You also get to choose when, why, and if you plan to convert back into Rands, which gives you far more control. 

Physical attacks

South Africans are no strangers to home invasions, hijackings, muggings and armed robbery; we are well aware that the little wealth we are allowed to keep after taxes is constantly under threat. 

Individuals have limits on how they can protect their wealth. We can’t all afford an army on call, so we seek out those who can offer protection or assets with built-in security. 

If you have a considerable amount of wealth, you’re not keeping it on cash or precious metals, hoping you can protect it yourself; you’re looking toward a custodian to manage it for you or putting it into a property, something immovable. 

Custodians are not without their risk; ask those who banked with VBS Mutual Bank, which turned out to be insolvent in 2018, or speak to those who invested in Steinhoff in 2017. 

While property in certain parts of the country have done relatively well, with that increase in value comes an increase in taxes. 

Bitcoin provides a unique method of storing as much wealth as you would like. You could hold R100 or R100 000 000 in the same wallet, and it would make no difference in how you manage it. All you need is 24 words, and you can take those funds anywhere. The attack surface doesn’t increase with the amount of wealth you hold, nor does the cost to store it.

Navigating the Digital Frontier: Challenges and considerations

Moving into Bitcoin isn’t without its pitfalls; when you leave the perceived safety of the fiat system and take personal responsibility for your funds, you accept that you are the single point of failure. 

If you do something stupid, you will pay the price for it.

There are no do-overs, chargebacks, or call centre helplines, and no one will be there to save you.

Scams and ponzis

Bitcoin education is almost nonexistent in South Africa; despite the reported number of owners, only a few people know what they own and how it works. 

This makes the space susceptible to scams, and when you can scam someone for easy money, you can be sure South Africans will be at the bleeding edge of it; it’s a national pastime. 

Large Ponzi schemes like Mirror Trading International (MTI) and AfriCrypt made headlines, attracting millions in investment based on the claims that they use Bitcoin to provide returns. While these scams capture all the headlines, there is no shortage of smaller multiplication scams making the rounds on WhatsApp every day.

South Africans must be aware of these risks and employ appropriate security measures when dealing with Bitcoin. If you’re not holding your funds in a wallet where you are the only one who holds the keys, you’ll get scammed sooner or later, simply as!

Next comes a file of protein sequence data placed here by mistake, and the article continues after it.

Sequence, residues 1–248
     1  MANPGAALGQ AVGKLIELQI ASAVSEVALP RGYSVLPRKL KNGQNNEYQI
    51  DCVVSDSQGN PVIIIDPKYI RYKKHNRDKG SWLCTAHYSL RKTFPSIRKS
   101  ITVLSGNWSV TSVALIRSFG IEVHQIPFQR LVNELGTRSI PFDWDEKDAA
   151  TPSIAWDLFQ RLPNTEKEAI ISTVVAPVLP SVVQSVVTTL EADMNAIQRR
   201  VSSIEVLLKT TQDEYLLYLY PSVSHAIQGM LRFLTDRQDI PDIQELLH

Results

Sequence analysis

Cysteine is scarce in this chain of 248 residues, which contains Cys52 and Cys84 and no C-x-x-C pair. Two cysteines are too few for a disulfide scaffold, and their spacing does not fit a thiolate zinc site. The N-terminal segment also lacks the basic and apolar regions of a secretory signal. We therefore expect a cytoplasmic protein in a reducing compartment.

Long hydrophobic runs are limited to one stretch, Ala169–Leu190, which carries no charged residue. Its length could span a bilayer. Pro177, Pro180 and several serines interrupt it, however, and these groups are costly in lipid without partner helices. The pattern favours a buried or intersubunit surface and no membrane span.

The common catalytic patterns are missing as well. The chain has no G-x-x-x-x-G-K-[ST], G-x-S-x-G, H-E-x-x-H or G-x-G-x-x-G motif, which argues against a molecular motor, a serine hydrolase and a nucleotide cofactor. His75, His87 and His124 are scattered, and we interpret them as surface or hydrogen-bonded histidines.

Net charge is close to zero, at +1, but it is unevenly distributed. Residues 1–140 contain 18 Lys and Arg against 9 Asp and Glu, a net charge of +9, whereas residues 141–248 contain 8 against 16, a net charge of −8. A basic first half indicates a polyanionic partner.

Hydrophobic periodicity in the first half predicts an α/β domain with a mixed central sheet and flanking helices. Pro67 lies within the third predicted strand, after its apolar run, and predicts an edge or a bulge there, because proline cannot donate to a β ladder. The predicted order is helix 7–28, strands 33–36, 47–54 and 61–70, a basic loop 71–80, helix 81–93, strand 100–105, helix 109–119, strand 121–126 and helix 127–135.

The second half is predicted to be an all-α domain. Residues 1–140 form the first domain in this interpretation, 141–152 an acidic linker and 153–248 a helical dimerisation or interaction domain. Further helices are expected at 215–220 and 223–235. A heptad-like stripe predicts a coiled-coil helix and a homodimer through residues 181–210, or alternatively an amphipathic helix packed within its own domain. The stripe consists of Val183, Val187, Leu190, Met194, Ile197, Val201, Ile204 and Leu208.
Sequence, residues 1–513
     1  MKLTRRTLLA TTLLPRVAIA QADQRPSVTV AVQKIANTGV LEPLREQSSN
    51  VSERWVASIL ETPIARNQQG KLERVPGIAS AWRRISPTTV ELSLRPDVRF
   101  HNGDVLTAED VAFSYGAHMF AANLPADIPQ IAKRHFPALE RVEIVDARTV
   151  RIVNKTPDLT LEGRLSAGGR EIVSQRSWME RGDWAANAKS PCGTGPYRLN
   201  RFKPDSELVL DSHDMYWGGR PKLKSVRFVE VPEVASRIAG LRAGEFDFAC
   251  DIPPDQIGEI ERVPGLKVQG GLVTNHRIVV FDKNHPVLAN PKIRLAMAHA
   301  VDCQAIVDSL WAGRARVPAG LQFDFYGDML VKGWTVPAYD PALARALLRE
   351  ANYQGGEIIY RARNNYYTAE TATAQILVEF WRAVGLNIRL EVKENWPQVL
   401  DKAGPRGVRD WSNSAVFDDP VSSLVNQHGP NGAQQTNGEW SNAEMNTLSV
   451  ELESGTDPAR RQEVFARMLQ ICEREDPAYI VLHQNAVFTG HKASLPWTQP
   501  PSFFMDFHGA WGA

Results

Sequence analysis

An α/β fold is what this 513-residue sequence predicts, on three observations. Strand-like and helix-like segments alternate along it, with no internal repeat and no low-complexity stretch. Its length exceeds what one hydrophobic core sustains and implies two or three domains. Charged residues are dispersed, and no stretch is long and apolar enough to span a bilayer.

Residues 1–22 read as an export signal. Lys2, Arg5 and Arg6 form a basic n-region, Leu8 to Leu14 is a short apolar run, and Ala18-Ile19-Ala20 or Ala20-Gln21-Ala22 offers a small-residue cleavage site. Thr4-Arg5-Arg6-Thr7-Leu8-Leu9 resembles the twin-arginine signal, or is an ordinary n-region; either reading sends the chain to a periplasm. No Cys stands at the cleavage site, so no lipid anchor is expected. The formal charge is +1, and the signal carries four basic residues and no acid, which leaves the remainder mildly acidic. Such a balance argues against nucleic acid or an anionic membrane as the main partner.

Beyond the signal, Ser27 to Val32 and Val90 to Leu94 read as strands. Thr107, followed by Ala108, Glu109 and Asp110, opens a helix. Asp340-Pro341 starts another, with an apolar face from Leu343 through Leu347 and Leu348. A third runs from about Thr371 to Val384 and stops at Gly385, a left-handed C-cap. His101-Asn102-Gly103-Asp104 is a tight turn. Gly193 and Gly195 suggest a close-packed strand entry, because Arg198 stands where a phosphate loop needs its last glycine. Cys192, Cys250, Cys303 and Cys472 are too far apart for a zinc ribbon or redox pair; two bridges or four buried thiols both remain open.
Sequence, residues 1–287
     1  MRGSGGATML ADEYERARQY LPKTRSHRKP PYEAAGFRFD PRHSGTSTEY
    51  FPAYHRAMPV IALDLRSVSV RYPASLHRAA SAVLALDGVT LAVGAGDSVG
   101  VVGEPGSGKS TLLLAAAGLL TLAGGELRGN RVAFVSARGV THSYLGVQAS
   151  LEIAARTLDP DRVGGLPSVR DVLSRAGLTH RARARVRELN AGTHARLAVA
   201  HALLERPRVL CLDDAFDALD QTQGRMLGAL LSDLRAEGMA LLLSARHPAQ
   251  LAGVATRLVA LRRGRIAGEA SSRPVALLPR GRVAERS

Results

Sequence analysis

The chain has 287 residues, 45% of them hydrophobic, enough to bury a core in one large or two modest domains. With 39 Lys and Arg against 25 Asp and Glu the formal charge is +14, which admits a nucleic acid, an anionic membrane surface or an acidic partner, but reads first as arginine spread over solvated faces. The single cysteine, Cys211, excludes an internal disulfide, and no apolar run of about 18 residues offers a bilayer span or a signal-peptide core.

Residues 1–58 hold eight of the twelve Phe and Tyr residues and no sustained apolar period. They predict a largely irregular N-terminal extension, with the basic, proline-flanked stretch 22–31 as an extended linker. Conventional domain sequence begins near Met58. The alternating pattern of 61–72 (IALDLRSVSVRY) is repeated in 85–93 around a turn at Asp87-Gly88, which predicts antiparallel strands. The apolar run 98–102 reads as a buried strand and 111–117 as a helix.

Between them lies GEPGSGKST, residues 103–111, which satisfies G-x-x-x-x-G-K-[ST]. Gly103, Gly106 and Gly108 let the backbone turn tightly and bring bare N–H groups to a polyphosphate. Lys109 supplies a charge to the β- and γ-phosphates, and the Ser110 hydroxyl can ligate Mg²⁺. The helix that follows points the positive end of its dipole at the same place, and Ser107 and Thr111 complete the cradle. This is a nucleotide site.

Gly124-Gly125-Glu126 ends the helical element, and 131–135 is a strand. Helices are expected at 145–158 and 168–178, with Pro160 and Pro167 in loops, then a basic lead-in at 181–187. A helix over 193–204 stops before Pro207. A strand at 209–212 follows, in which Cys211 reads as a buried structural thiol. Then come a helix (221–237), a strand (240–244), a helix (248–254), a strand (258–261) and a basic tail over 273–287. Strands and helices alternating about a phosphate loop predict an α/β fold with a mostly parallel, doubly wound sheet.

Friction in spending your Bitcoin

While growing, the number of merchants accepting Bitcoin in South Africa remains relatively low; apart from shopping at merchants supporting CryptoConvert like Pick ‘n Pay and Bulters Pizza, you can swap Bitcoin for gift cards from Bitrefill and then use that gift card at a local retailer. 

The only other alternative is to find someone who will accept Bitcoin for cash or make direct deals with your local merchants to accept Bitcoin. 

And who was time for that? 

Until the shop owner comes around, its use as a day-to-day transactional currency is limited.

South Africans testing out bCommerce 

South Africa has several Bitcoin circular economies, like Bitcoin Ekasi and Bitcoin Witsand, driving grassroots adoption and use of Bitcoin. Some of their content goes viral on social media, giving outsiders the idea that the average South African is on a Bitcoin standard. 

While these transactions are still exceptions rather than the norm, their increasing frequency is raising eyebrows. Governments are now expressing a growing concern over the implications of this trend. 

More South Africans and foreign business owners are turning to Bitcoin as a practical solution to bypass South African taxes and exchange controls. As I mentioned before, remittance is a pain-it’s slow and costly. Bitcoin offers a way out, a necessity that is becoming increasingly relevant in today’s economic landscape. 

Digital service providers and knowledge workers make up one part of this remittance market, while some physical trade is starting to pick up. As these companies trade in Bitcoin, they can avoid paying excessive import taxes on certain products, bring in much cheaper goods, and pass on that margin to customers. 

Bitcoin and cash are king

South Africa has a large cash-run informal economy, making up 20% of total employment in the country, with estimates that it contributes about 5.1% to the national GDP. 

These businesses, along with peer-to-peer trade through services like Facebook Marketplace and Gumtree, facilitate economic transactions in which businesses don’t bother registering, charging VAT, or paying company or income taxes. 

Cash makes up the majority of this trade, but some of this economic activity has no choice but to move towards Bitcoin or stablecoins as a means of settlement. After a certain amount, cash can be unwieldy to transport and custody, while cash also carries the risk of physical attacks and the painful reality of depreciating purchasing power.